“You can’t hurt me!” She cried, realization dawning on her with the force of a sledge hammer. “You can only make me hurt myself!” A roaring filled the room and the two ghosts wailed in anger and frustration, the sound carrying up and around her like the keening howl of a fire truck. But sharper and more crystalline. And earsplitting.

Kirsten covered her ears with both hands, as tears zigged and zagged down her pale cheeks. She squeezed her eyes shut again, afraid to stare at the horrible images before her. A voice in her head, familiar and comforting, sliced through the confusion.

Think of me, Kirsten. Think of me. Do not be afraid. They feed off of your fear. Think of me, think of me, think of…

The noise around her continued but Kirsten forced herself to concentrate on the sound of Christian—the real Christian’s—voice in her head. It embraced her, much like that of her baby blanket, and she wrapped herself tightly and securely within it.

She imagined his pale tousled strawberry blond hair falling boyishly across his forehead. She could almost see his gray tinted eyes taking her in, warming her, despite the cold air of his touch. His voice, old as time, but strong and soothing, talked her into a state of calmness. The noise around her died down, the cold rush of wind began to blow away, the visions evaporated like raindrops on warm asphalt.

It was a long time before Kirsten felt safe enough to open her eyes. Her room lay quiet and unassuming about her, everything as it should be, except for the dark drops of blood that trickled from the small cut on her wrist. She pressed her already bloody blanket against it to staunch the flow. From her open window she glimpsed the knowing twinkle of the stars. The pale glow of the crescent moon reached in a reassuring hand to her.

She reached forward to grab it and instead her hand sliced gently through the wisp of Christian’s hand. His full form materialized before her, his eyes dark with worry. She shrank away fearfully.

“Please do not be afraid, Kirsten. I would never hurt you.”

“But, before, you—“

“The Others came to you then, not me. They are angry souls, Kirsten. They fed off your loneliness, your sorrow. I am just sorry I could not prevent it.”

She nodded in understanding but then a blush slowly crept up her neck and reddened her cheeks.

“Then that kiss—that wasn’t real?”

It was Christian’s turn to blush, although a lighter shade of pink.

“I am afraid not. But the wanting of it, the need for it, was real. They stole that from both of us, Kirsten.” He bit his lip earnestly. “Please do not think poorly of me, now.” She almost laughed in reply.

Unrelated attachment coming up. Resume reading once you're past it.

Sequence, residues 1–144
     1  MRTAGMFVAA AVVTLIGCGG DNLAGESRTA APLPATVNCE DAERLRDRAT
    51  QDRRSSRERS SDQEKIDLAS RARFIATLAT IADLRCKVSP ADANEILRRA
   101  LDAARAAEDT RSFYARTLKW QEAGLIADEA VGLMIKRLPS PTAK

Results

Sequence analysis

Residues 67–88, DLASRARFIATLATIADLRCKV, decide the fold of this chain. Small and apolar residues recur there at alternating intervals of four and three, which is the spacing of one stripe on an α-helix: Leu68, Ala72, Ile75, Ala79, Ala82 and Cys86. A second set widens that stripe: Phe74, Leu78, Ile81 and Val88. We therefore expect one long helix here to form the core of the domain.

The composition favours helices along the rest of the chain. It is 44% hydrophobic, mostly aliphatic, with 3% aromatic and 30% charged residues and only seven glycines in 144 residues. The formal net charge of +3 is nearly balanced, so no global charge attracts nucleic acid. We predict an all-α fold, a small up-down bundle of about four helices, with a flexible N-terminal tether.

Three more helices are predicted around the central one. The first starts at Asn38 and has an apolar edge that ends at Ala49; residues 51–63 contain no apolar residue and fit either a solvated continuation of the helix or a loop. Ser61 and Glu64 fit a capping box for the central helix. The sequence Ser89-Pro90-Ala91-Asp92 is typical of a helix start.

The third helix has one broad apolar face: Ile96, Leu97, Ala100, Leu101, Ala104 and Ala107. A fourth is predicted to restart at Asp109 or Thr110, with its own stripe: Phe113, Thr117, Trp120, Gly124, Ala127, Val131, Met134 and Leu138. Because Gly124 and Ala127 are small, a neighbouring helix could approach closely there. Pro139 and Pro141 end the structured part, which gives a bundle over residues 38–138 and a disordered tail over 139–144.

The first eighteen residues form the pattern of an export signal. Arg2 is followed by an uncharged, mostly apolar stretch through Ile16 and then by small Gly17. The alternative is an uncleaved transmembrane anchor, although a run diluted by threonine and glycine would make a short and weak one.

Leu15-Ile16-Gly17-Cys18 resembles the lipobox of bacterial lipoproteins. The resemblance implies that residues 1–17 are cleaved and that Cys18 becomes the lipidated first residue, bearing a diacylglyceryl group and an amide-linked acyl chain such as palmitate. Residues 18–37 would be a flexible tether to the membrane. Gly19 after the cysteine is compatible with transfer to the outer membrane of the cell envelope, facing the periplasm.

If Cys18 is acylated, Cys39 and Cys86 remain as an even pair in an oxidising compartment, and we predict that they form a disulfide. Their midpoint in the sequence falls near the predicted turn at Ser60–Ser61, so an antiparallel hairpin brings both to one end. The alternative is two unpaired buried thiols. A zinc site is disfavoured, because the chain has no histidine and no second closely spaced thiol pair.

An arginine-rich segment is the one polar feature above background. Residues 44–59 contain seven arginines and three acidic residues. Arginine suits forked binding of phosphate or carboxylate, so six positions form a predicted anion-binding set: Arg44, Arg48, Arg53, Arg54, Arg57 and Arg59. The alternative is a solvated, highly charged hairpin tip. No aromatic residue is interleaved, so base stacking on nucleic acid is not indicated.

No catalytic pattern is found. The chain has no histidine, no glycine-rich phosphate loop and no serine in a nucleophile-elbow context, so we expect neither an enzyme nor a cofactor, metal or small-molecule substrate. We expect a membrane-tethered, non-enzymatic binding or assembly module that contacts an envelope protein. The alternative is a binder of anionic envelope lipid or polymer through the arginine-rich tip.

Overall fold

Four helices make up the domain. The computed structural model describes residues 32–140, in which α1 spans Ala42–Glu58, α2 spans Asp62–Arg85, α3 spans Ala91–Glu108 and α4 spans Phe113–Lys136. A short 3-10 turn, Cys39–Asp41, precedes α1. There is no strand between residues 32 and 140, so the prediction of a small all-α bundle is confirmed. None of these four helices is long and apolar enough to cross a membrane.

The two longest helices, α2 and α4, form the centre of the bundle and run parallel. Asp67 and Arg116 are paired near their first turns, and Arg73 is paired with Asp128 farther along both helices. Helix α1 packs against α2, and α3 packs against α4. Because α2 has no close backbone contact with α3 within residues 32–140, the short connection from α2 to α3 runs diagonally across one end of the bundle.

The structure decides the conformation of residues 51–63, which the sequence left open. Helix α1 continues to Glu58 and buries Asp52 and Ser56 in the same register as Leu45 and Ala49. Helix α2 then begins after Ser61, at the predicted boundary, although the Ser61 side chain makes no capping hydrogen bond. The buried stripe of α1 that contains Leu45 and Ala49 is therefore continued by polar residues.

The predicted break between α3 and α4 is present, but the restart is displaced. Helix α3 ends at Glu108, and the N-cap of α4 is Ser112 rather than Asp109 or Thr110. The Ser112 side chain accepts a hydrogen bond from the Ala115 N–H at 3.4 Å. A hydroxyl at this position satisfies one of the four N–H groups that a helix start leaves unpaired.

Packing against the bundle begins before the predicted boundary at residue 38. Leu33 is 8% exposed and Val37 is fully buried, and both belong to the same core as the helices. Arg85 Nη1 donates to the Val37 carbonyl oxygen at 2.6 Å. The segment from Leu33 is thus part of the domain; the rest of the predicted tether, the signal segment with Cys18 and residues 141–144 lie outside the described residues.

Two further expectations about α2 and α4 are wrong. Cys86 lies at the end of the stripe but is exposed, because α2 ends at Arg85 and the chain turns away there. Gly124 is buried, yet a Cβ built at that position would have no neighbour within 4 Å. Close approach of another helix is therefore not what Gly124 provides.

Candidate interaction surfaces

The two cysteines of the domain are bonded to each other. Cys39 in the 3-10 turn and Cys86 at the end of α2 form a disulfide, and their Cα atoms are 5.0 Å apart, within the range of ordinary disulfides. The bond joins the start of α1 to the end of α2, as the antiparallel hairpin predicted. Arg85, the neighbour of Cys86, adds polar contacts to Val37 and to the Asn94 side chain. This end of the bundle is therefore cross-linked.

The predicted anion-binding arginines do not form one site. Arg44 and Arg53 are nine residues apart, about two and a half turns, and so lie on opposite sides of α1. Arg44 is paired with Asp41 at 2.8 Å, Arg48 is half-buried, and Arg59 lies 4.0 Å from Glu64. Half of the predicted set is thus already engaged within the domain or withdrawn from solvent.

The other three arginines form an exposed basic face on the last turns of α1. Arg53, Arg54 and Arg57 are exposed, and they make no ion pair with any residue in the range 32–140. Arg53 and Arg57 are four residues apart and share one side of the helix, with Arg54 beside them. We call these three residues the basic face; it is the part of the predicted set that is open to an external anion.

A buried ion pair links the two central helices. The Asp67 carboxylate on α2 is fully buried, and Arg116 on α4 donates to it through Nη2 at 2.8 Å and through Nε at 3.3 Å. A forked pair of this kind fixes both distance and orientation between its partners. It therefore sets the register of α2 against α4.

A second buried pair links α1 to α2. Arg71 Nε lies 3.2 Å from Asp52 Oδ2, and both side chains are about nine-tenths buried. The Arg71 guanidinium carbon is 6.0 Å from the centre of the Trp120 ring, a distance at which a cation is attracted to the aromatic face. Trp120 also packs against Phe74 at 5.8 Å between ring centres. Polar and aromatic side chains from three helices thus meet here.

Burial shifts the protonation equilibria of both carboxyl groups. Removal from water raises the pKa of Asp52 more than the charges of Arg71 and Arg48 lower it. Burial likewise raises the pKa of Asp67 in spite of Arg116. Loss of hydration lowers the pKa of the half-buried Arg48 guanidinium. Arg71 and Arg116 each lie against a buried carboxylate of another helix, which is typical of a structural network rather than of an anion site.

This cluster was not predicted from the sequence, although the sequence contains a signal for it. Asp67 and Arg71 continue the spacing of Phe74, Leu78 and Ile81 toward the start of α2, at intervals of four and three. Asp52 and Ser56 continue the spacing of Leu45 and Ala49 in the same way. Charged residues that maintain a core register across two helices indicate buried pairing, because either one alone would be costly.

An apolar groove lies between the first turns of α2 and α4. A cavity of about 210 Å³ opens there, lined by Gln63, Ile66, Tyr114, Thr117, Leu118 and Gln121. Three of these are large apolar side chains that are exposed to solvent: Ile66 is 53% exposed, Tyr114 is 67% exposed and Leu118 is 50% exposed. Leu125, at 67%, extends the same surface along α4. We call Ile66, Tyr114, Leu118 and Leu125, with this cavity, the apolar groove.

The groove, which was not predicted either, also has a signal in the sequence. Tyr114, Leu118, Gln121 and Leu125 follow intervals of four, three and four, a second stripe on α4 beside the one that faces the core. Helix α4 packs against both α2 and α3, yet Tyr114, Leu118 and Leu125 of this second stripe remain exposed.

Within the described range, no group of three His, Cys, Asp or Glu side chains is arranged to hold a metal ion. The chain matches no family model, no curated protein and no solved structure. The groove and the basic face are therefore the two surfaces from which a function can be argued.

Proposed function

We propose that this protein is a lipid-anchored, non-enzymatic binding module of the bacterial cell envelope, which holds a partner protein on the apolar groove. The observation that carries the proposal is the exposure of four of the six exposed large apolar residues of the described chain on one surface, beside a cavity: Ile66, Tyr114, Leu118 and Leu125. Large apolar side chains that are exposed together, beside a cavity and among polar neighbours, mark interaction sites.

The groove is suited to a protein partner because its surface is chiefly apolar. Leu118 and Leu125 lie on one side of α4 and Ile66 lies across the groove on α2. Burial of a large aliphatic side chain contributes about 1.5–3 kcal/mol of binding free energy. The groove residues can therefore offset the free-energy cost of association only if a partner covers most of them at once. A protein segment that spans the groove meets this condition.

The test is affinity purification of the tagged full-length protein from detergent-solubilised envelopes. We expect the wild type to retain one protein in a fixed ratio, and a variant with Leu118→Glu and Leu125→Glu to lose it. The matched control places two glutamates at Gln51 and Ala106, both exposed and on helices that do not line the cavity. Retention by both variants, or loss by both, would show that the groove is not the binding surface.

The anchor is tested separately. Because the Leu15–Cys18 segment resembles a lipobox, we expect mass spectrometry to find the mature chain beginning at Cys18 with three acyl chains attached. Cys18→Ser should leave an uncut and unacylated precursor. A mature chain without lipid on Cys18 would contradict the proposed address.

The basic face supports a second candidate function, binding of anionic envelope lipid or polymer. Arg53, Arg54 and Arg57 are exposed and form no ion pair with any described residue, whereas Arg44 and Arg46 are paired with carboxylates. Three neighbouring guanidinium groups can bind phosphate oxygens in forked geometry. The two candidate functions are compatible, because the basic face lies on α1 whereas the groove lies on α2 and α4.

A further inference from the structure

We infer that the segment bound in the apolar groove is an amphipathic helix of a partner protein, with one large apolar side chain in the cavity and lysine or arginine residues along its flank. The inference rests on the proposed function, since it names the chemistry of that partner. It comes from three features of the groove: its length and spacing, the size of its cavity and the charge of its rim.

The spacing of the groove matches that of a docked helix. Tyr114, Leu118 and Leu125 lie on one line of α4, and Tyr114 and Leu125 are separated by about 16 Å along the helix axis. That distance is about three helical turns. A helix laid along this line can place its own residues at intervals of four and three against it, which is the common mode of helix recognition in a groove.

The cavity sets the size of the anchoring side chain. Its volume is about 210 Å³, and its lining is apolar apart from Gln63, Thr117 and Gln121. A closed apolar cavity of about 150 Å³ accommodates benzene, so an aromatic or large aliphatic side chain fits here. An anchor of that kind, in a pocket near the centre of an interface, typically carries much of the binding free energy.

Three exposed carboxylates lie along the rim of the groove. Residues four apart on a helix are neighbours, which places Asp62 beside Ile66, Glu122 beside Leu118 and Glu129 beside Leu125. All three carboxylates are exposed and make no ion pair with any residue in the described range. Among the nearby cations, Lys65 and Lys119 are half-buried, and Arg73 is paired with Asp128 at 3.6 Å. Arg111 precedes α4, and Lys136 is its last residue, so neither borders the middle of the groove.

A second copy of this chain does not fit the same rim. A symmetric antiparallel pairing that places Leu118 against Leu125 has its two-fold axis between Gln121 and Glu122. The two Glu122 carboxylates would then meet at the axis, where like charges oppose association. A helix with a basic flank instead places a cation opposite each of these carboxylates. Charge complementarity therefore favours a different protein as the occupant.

“I could never think poorly of you. I meant what I said before. I love you, Christian. Whether it’s possible to love a—a ghost, I don’t know. But I feel this for you.” Their fingers twined and despite the fact that one hand was solid and the other merely a whisper of air, it felt heart warming and sure to Kirsten.

“I feel the same for you.” Christian replied softly, lowering his own gaze. “And that is why you must go.”

“What? Go? But—“

“Go, Kirsten. I do not ever want the Others to use our love for each other again. Or the love you have for your mother. I can not promise they would not succeed next time.”

“Well, maybe I want to kill myself! Mabye—I want to die! To be with you and my Mom! Did you ever think of that, huh?” She cried harshly, yanking her hand from his. His eyes widened painfully, but he shook his head slightly.

“Kirsten, you do not want to die. You have too much to live for. You will accomplish so much in your life. I know it.” He hesitated, as if unsure whether to continue. “And your mother knows it.” Kirsten gasped.

“You really have spoken with my mother?” She asked, breath catching tightly in her chest. Christian nodded in response, bit his lip again.

“She loves you, Kirsten, but she does not want you to join us so prematurely. Please, for her, for me, leave this place.” His tortured gray eyes fell on the blade that rested upon her bed top. A drop of blood glistened like quick silver there.

“Okay. I will.” She whispered, her voice catching on the words. “But will I ever see you again?” Her eyes widened hopefully but Christian smiled sadly in return.

“Most likely, Kirsten, it will not be in this lifetime. I will wait for you, though.” He promised. “After all, I waited this long.” He leaned forward and his lips brushed against her cheek. It was not static filled and electricity like earlier with the Others, but it was soft and real and loving.

“Stay with me till I fall asleep.” She begged him, curling up beneath the blankets. He nodded and laid a wisp of hand reassuringly on her blanket-covered leg.

“You will have a good life, Kirsten. I promise you that.” She had already started to drift off into the world of sleep, as his words fell upon her like drops of rain.

“Sweet dreams, my love.”

And what sweet dreams they were….

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Reviewed by Sandy Knauer 8/15/2005
Nice story, April. Great concept.
Reviewed by Felix Perry 8/14/2005
This is stunning that is the only way I can describe it, has the makings of a great book in it I am sure. I almost didn't read because of the length but once I started couldn't let it go. You are definately onto something with this one April.